‘One-way stupidity’ - Mayor of Lucea demands new traffic management system
Mayor of Lucea Sheridan Samuels is demanding that the National Works Agency (NWA) moves immediately to reverse a decade-old decision to convert all roadways within the town centre into one-way thoroughfares.
Samuels told The Sunday Gleaner that residents are dissatisfied with the quality of traffic management in the town, particularly the chaos at some intersections, congestion on Hanover Street, and the inconvenience being faced by motorists who want to conduct business, due to the one-way movement of traffic.
"NWA had a traffic committee - which included the parish council at the time - that sat down and redesigned the road network in the town. They redesigned the whole thing and turn it inna foolishness," argued Samuels.
"Yes, because you have a narrow one-way street taking all the traffic passing through from Montego Bay end, while we have the broader road, Willie DeLisser Boulevard, that can take two-way traffic. All that has to be done is that they just move the paid parking areas and turn the boulevard back into a two-way.
"Parish council is not collecting anything from them now, so you couldn't use that as any reason not to (do so)," added Samuels.
He said the municipal council is culpable of regulating traffic in the town as its officers had consented to the traffic changes in 2008.
BUSINESS PEOPLE NOT AT FAULT
In 2014, his predecessor Wynter McIntosh had said the council would prohibit parking on Main Street and restrict supermarket goods-delivery hours there. But according to Samuels, the business people should not be blamed.
Samuels said he had already outlined in detail his ideas for solving the problem to the NWA during a tour in January, shortly after he took office.
"We looked at it and had discussions with the acting superintendent and the CEO, and the council is in agreement to turn Willie DeLisser Boulevard back into a two-way road.
"It is stupidness they did because you have to go all the way around through Haughton Gardens to go to JPS and all dem thing deh. That's why people not paying their bills, because people don't want to drive go so far just fi go JPS fi go pay bills, while they could just drive through the town and drive up and go pay it," said Samuels.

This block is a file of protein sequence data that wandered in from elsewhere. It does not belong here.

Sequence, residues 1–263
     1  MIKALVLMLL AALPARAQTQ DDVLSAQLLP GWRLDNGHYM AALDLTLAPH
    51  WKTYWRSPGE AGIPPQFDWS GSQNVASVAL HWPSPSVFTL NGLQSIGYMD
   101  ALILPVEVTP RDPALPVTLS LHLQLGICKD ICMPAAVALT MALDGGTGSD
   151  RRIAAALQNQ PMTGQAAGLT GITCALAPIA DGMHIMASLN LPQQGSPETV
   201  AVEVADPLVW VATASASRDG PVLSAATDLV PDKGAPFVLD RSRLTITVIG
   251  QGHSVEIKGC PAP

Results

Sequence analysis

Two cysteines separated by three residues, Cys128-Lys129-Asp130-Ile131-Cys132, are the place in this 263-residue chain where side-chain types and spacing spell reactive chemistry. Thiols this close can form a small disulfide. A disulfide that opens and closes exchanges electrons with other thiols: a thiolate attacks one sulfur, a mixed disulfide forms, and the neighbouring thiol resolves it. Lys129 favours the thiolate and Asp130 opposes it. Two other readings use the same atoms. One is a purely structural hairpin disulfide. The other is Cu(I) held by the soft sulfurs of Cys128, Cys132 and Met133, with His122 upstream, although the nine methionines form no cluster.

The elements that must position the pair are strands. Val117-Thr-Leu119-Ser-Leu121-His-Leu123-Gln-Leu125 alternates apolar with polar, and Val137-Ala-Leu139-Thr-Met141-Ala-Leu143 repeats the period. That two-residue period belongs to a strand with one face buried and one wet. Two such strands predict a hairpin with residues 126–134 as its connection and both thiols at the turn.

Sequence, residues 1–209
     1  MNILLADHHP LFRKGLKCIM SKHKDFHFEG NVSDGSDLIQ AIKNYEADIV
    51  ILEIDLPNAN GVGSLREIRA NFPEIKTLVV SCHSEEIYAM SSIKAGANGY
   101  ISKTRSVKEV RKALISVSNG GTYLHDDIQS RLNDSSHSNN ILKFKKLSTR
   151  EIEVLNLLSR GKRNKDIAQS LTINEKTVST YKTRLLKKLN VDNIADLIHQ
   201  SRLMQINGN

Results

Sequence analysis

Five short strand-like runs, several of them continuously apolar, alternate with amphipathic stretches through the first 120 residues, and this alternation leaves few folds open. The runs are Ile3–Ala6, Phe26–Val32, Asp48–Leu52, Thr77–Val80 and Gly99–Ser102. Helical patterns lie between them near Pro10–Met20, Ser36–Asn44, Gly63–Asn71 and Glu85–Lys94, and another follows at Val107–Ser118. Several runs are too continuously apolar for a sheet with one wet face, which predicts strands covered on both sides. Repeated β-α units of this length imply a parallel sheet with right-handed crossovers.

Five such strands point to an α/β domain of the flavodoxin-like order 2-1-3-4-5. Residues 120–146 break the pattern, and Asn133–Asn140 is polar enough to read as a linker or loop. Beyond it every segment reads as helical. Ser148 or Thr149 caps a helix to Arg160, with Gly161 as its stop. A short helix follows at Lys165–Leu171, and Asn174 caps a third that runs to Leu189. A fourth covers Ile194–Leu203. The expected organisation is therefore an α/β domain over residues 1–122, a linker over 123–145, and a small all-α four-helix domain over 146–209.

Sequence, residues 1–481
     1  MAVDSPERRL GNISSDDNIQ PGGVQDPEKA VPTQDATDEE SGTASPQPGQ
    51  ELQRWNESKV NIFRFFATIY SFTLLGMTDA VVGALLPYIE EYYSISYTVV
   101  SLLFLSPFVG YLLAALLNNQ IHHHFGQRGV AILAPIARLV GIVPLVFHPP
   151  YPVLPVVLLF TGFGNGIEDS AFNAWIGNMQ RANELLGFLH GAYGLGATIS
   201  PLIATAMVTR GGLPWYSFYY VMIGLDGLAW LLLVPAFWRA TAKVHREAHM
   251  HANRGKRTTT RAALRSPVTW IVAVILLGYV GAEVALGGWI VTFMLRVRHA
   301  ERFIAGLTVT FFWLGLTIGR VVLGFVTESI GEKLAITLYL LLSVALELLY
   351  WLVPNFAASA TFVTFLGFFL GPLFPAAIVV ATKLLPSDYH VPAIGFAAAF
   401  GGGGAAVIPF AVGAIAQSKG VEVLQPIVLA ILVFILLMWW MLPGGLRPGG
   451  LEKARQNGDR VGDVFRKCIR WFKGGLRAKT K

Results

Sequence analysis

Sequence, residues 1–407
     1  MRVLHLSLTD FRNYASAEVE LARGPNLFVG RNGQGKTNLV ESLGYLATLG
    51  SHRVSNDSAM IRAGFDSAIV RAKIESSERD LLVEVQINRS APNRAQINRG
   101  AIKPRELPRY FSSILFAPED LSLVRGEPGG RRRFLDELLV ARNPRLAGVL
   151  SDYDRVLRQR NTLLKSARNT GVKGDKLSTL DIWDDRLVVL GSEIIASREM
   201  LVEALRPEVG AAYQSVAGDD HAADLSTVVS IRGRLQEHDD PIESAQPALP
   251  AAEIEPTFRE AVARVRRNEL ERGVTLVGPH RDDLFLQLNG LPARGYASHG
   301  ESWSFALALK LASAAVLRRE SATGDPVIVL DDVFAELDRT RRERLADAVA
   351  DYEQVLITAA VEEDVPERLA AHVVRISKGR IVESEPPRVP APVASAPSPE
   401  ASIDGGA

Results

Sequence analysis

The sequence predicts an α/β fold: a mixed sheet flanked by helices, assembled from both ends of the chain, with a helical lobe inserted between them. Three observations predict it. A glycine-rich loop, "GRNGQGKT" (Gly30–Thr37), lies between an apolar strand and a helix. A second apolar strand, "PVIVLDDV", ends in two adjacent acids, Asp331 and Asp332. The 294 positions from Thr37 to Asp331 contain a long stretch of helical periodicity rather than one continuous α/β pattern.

"It is not the business people's fault. They are not the problem re the traffic congestion in the town. It is the agencies. The problem arose from the agencies and the foolish decisions that they made - when I say the agencies, I am talking about the municipal corporation and the National Works Agency. They have been the problem," charged Samuels.
In 2008, the NWA announced that Millers Drive, Bigwell Lane, Moseley Drive, and Cressy's Lane would be converted to one-way due to delays on Hanover Street, which was unable to accommodate the volume of vehicular traffic during peak hours.
Since then, numerous calls have come for the reversal of the system, from residents as well as two former mayors, Lester Crooks and Lloyd Hill, who said the changes had worsened the congestion problem.
NO VIEW OF LANDMARK
For Samuels, the traffic changes have also stymied the town's efforts to showcase the 200-year-old Lucea clock as part of its heritage tourism thrust.
"When the tourists coming through the town, they can't get to see the best thing that we have - the clock - because they pass the building sideways and they don't see the beauty of the clock and the building itself," said Samuels.
"The clock itself is now 200 years old. Look at the rich history; and we now in the town sit down and divert the tourists away from it, when we could be using it as a tourist attraction and get tourists to stop in the town. All because the man dem stupidly change the road network."
According to the mayor, the NWA has failed to take steps to erect stop lights to regulate traffic flow in the town, particularly at the intersection of Millers Drive and Hanover Street, despite a glaring need.
"The NWA don't listen to we who are a part of the town and are trying to develop the town. They are the ones who have total control over where vehicles can traverse. Imagine, Lucea is one of two capital towns in Jamaica that don't have a stop light.
"Why is it that they can't sit down and reorganise the traffic situation in the town? They just come and pass through at 9 o'clock inna di morning and pass back 5 o'clock and gone home ... Me naw stop fight until we get this road situation fixed," declared Samuels.